Birth control would not have improved women’s lives much, the suffragists thought, because in a world where women had no social or political power, men could just rape women and then foist birth control upon them, keeping their misdeeds consequence-free. If birth control were widespread, suffragists thought, “Men could have even more sex on them, without any consequences,” Lisa Tetrault, a gender historian at Carnegie Mellon University, told me. “They didn’t have an expectation of some egalitarian relationship, the way we would think of those things today.”
This wasn’t an entirely unfounded fear, given what we know about unequal gender dynamics even in modern settings. In 2016, The New York Times reported that Islamic State fighters pumped their sex slaves full of birth control to avoid impregnating them.
The turn of the 20th century, however, brought a brief and limited sexual revolution, according to Tetrault, and some people began to argue that women, like men, should be able to have sex without the fear of pregnancy. Around the start of the First World War, a few suffragists, left-wing socialists, and other social reformers did start to openly connect the right to suffrage with the right to control childbearing through contraceptives. One such reformer was Mary Dennett, who helped lead the National American Woman Suffrage Association, then resigned in 1914 to found the first birth-control organization in the U.S., the National Birth Control League.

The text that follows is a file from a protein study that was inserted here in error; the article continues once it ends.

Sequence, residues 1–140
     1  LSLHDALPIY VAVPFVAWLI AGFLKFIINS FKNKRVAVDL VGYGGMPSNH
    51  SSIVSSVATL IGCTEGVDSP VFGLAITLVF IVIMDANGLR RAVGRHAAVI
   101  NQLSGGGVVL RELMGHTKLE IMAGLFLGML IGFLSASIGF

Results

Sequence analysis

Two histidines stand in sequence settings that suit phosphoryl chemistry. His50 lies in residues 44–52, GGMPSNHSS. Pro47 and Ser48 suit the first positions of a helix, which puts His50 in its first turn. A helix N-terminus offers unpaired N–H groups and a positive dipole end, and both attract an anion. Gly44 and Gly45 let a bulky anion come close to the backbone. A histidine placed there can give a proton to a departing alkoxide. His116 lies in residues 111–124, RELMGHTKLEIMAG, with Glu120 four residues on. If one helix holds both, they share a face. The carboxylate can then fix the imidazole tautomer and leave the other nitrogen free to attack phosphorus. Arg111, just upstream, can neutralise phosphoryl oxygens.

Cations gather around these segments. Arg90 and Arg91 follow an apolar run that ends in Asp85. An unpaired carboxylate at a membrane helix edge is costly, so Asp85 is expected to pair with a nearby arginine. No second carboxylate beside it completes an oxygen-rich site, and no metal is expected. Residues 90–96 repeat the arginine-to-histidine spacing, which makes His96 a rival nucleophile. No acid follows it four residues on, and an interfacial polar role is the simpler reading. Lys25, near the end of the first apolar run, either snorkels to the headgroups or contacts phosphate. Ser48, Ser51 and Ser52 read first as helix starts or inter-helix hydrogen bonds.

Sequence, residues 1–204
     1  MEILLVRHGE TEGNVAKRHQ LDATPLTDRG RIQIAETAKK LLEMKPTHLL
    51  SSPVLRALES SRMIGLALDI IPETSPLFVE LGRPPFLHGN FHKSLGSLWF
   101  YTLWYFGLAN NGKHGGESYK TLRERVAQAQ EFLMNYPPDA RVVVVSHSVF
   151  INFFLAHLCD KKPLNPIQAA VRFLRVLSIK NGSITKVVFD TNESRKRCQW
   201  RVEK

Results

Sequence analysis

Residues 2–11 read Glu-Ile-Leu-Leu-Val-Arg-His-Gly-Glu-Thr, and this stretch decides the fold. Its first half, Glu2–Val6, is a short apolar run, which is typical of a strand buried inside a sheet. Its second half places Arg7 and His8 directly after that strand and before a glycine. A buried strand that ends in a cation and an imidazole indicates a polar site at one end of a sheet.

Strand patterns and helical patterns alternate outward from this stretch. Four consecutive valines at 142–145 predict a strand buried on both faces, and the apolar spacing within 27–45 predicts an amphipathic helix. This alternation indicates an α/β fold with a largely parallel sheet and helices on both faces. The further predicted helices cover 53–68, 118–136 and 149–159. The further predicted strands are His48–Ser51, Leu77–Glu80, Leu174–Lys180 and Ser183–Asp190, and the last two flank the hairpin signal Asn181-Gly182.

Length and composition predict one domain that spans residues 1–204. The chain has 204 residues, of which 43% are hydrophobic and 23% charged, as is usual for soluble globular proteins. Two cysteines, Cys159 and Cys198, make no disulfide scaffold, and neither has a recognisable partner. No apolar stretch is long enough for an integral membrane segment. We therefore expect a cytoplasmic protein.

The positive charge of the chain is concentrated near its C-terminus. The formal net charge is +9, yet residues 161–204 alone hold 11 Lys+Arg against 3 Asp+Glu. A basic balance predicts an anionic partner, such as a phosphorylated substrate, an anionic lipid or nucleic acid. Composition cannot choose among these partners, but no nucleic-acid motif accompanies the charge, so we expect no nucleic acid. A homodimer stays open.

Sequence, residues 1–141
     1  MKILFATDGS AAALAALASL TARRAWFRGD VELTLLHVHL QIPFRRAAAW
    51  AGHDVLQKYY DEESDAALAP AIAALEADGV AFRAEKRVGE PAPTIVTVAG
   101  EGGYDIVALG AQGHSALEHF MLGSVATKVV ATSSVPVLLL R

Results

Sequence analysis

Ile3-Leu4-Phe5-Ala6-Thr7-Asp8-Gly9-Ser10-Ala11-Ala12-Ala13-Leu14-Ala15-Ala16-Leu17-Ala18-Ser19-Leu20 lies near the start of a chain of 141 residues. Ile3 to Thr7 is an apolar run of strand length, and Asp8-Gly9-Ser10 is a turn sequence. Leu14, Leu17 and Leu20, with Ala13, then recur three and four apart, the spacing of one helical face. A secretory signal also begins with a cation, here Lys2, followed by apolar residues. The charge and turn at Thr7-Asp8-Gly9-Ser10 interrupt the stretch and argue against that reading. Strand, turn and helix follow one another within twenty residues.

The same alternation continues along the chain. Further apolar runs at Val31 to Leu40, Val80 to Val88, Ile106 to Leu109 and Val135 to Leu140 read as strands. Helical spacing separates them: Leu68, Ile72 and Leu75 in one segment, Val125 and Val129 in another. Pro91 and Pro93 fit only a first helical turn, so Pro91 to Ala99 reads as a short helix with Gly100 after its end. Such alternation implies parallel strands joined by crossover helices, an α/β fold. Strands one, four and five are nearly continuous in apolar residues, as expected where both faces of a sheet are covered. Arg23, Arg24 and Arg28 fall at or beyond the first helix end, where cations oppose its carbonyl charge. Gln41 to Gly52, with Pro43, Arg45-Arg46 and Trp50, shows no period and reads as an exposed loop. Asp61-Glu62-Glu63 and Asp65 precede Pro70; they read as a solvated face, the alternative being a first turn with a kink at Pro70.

But when Dennett lobbied women’s-rights groups, such as the League of Women Voters, to add birth control to their political agenda, she was met with resistance. “Certain mainstream suffragists, and even some radicals, said, No, we don’t want to mess up the messaging we have going on here,” Thompson said. Similarly, Gordon writes that in 1915, when Margaret Sanger, the founder of the group that would become Planned Parenthood, tried to get 50 prominent women to publicly voice support for birth control, she failed. “I was told to wait until we got the vote,” Sanger said in a speech later. “I was told to wait until I became better known.”